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eDL Course American Sign Language 3b

American Sign Language 3b: Conversations & Culture

Are you ready to discover ways in which Deaf culture influences the world in general? After all, the concept of culture goes far beyond an understanding of Deaf history. Through discussing Deaf culture and experiences, you’ll advance your signing skills by developing verb tenses, grammar, and syntax. Apply your language skills in real conversation activities and through opportunities to debate real issues. It’s also time to explore the next steps in education and career opportunities for your new intermediate ASL skills.

Review Course Outline

Units at a Glance

Unit 1: Hot Topics: Illustrating Facts

Do you disagree with your best friend about an important issue? Well, you might not know it until you try to discuss a controversial issue! Topics like politics, the environment, and climate science can be tricky to discuss (even in English) with friends or family members if opinions disagree. Here, we will learn how to engage in productive debate in ASL using correct grammar and facts to back up our positions.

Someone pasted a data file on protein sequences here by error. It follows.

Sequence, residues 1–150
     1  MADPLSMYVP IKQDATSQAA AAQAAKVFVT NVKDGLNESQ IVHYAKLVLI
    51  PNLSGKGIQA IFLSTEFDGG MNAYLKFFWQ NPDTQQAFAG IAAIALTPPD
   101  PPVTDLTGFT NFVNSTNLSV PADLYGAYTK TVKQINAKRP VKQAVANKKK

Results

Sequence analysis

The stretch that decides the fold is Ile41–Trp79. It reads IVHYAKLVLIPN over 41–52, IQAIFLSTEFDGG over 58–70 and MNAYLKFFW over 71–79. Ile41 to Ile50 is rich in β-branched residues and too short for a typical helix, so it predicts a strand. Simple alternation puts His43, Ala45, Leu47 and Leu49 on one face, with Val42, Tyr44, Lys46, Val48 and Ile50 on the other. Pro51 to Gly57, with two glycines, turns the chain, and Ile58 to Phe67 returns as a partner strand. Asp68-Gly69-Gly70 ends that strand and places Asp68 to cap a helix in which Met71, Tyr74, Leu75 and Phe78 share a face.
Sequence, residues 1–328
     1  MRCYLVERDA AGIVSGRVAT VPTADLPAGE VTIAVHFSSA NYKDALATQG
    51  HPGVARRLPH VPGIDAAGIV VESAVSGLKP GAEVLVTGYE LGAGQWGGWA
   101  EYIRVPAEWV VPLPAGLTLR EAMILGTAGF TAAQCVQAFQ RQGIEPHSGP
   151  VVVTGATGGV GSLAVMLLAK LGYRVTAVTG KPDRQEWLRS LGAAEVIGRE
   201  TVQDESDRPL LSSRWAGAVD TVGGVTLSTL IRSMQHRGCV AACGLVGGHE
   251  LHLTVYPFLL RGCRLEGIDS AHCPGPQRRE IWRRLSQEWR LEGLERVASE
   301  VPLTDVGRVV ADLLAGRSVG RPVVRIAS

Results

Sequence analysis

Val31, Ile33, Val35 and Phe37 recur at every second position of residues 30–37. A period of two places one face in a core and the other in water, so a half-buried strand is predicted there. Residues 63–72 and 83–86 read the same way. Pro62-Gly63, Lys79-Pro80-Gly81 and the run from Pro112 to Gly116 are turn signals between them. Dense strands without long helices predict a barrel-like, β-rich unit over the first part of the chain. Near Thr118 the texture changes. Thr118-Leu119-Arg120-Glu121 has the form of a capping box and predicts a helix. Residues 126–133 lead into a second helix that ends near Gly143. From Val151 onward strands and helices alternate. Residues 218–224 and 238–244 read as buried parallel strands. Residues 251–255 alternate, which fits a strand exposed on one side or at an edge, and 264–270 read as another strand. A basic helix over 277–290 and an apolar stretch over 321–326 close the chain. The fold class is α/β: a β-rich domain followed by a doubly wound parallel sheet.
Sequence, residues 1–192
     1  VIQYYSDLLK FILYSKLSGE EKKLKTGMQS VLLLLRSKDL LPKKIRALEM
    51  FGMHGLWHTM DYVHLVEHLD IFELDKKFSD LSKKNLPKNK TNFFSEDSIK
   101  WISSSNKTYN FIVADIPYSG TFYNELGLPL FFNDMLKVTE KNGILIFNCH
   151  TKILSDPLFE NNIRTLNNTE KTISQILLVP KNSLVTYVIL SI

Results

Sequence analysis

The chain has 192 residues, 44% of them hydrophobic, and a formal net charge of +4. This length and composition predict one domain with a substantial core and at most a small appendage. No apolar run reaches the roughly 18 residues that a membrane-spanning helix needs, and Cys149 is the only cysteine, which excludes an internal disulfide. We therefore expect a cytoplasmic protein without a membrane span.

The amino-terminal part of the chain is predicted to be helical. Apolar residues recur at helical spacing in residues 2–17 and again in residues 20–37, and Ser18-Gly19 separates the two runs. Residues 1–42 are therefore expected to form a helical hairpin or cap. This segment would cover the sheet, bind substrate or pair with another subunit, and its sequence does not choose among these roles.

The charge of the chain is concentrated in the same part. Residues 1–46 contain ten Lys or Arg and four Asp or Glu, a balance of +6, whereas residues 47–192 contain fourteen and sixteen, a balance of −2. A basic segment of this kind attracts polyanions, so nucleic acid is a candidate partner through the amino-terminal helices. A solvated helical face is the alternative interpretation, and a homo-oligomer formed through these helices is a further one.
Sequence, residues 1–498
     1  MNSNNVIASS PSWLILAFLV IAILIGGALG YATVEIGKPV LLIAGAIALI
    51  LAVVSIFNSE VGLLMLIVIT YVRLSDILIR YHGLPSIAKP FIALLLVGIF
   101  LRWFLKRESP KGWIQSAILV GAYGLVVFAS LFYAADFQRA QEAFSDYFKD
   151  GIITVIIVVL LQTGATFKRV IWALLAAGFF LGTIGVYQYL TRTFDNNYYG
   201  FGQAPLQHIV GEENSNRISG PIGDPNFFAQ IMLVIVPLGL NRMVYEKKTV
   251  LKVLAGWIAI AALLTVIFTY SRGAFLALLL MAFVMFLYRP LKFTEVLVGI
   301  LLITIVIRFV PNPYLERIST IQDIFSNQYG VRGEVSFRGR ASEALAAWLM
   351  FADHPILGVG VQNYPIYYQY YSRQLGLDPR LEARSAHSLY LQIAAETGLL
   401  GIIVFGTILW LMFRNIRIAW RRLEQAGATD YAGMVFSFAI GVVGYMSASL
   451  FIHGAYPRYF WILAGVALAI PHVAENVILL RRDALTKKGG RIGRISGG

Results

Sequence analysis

What will you learn in this unit?

  • Develop logical arguments in ASL to have productive ASL discussions on controversial issues
  • Use circumlocution and classifiers to describe complex environmental issues
  • Formulate discussions around climate topics using scientific vocabulary in ASL
  • Analyze political activism in the Deaf community

Unit 2: People, Places and Things: Past and Future

In ASL, signing in the present tense is the default, but there are also important grammatical structures that help us relate past and future concepts in our signing. Getting more clarity on past and future conventions in ASL grammar can help you not only in everyday conversations but also when it is time to give a formal presentation. Armed with more grammar structures, we can dive deeper into the ways world history and Deaf history have points of parallel and how Deaf perspectives can influence the way we see historical events and future possibilities for the Deaf community and ourselves.

What will you learn in this unit?

  • Formulate ASL sentences using past and future concepts correctly
  • Summarize the grammatical rules and constructions for past, present, and future in ASL
  • Integrate your knowledge of world history and ideas with research on Deaf participation in events and ideas
  • Develop ideas for research into topics that compare and contrast Deaf history and experience with the mainstream source materials and ideas of the times